Scientists Develop NO2 Sensor Using Magnetic Field Faraday Rotation

Chinese Academy of Sciences

A low-power faraday rotation spectroscopy (FRS) nitrogen dioxide (NO2) sensor basing on ring array permanent was proposed by researchers led by Prof. GAO Xiaoming from Hefei Institutes of Physical Science of the Chinese Academy of Sciences (CAS), according to a study published in Analytical Chemistry.

FRS enables detection of paramagnetic molecules by detecting changes in the polarization state of linearly polarized light caused by a gaseous medium immersed in an external longitudinal magnetic field. It is not disturbed by diamagnetic molecules such as CO2 and H2O, so it exhibits a high species specificity. In addition, it has very high detection sensitivity due to the use of a pair of nearly-crossed polarizers that greatly suppress laser intensity noise.

The current FRS signal is mainly generated by the Zeeman splitting of the sample absorption lines modulated by an alternating magnetic field generated by a solenoid coil. Hower, when exciting the magneto-optical effect, this sinusoidal electromagnetic field suffers from high power consumption, generation of large amounts of Joule heat, electromagnetic interference, etc.

To solve these problems, the researchers proposed a static magnetic field FRS sensing device based on rare-earth permanent magnets.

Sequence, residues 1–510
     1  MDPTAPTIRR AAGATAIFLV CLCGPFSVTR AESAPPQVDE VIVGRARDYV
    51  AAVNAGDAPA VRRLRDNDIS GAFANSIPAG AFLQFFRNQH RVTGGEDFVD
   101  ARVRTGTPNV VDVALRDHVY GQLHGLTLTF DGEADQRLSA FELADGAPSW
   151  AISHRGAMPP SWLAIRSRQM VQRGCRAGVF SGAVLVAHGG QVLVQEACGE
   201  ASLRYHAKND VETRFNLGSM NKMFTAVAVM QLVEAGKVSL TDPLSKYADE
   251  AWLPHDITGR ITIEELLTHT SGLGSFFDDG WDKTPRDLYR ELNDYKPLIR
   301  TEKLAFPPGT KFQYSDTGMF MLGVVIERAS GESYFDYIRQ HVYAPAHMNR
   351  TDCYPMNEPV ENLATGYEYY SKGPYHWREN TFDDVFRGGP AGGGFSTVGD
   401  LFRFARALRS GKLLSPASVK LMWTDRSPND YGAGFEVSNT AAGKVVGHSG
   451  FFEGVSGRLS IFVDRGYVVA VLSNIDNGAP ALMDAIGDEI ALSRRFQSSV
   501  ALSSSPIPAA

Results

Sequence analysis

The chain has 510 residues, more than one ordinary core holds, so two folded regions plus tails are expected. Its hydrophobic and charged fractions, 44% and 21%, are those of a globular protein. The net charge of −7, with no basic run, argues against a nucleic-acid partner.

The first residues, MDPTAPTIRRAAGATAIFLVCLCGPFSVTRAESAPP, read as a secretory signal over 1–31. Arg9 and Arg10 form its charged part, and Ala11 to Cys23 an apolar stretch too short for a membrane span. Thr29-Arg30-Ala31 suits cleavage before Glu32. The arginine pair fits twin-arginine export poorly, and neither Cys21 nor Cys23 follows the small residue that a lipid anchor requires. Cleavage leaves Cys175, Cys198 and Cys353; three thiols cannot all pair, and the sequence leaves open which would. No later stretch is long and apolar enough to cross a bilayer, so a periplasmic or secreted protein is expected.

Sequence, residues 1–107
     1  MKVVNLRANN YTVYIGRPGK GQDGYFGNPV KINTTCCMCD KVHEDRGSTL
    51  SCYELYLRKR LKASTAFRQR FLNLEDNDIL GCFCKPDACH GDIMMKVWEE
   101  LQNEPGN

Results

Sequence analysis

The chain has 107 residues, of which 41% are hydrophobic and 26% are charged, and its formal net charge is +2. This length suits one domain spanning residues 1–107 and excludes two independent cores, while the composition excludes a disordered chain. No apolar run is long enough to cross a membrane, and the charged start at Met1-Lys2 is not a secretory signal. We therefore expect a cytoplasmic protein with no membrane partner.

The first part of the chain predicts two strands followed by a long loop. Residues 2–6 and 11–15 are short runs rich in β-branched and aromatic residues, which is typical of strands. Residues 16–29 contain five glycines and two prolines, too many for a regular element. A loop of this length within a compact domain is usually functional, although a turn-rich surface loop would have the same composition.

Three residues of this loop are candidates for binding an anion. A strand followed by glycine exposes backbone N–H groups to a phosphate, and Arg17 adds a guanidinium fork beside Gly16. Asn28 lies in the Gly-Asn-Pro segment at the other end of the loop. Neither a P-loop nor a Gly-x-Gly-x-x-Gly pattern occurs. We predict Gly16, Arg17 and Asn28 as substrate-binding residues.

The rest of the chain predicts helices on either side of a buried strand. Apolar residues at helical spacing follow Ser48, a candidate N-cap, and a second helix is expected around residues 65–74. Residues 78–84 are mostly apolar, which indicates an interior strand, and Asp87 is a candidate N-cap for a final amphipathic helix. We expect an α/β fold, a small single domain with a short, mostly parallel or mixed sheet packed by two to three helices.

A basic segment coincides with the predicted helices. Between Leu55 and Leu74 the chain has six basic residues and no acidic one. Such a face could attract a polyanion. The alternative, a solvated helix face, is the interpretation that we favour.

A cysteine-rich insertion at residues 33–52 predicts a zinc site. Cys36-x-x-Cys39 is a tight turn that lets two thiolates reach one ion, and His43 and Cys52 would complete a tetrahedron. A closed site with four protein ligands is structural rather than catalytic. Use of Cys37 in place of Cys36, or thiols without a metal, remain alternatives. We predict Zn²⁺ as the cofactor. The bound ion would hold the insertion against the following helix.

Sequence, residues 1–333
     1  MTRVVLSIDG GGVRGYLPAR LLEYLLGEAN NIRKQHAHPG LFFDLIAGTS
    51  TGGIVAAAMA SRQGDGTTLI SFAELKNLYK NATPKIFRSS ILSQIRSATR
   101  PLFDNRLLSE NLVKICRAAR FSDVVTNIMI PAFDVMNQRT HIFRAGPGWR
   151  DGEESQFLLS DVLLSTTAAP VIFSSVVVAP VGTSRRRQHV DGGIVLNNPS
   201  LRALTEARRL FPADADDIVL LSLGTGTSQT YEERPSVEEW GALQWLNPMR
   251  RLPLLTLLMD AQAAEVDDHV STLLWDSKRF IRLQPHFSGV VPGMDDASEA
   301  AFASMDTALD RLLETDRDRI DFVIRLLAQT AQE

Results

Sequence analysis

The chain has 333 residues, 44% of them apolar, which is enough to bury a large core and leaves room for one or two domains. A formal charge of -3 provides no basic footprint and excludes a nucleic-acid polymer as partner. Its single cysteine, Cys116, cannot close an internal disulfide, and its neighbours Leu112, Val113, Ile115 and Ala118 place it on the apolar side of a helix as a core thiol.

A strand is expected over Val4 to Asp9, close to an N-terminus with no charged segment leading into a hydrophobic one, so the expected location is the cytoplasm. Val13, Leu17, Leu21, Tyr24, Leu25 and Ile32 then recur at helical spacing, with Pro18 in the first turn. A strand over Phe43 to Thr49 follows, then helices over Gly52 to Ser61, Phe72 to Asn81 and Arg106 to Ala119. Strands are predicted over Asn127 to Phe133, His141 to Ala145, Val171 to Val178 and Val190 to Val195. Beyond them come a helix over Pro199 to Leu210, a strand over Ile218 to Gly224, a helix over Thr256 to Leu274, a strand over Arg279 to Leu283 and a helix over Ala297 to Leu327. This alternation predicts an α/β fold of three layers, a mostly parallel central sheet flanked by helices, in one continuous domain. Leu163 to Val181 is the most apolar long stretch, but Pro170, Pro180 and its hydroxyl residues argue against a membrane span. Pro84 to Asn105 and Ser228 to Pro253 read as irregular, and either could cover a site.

According to the magnetic field distribution characteristics of neodymium-iron-boron (NdFeB) permanent magnet rings, they combined 14 identical NdFeb permanent magnet rings in the form of non-equidistance, and obtained a static magnetic field with an average magnetic field intensity of 346 Gauss over a length of 380 mm. The interaction between linearly polarized light and the sample was greatly enhanced by fitting the Herriott cell coaxially to the permanent magnet array.

A Q-branch spectral feature in the ν3 fundamental band of NO2 at 1,613.25 cm-1 was probed by a mid-infrared quantum cascade laser. The NO2 detection limit of 0.4 ppb was achieved at an optical length of 23.7 m.

“We expect it to be developed into a robust field-deployable environment monitoring system,” said CAO Yuan, first author of the study.

This work was financially supported by the Research and Development Project of Scientific Instruments and Equipment of CAS, the National Natural Science Foundation of China, the Open Project of Advanced Laser Technology Laboratory of Anhui Province, etc.

Schematic diagram of static magnetic field FRS NO2 sensor. (Image by CAO Yuan)

Schematic diagram of NdFeB permanent magnet ring array and its magnetic field distribution characteristics. (Image by CAO Yuan)

FRS signal and signal-to-noise ratio as a function of the analyzer angle α. (Image by CAO Yuan)

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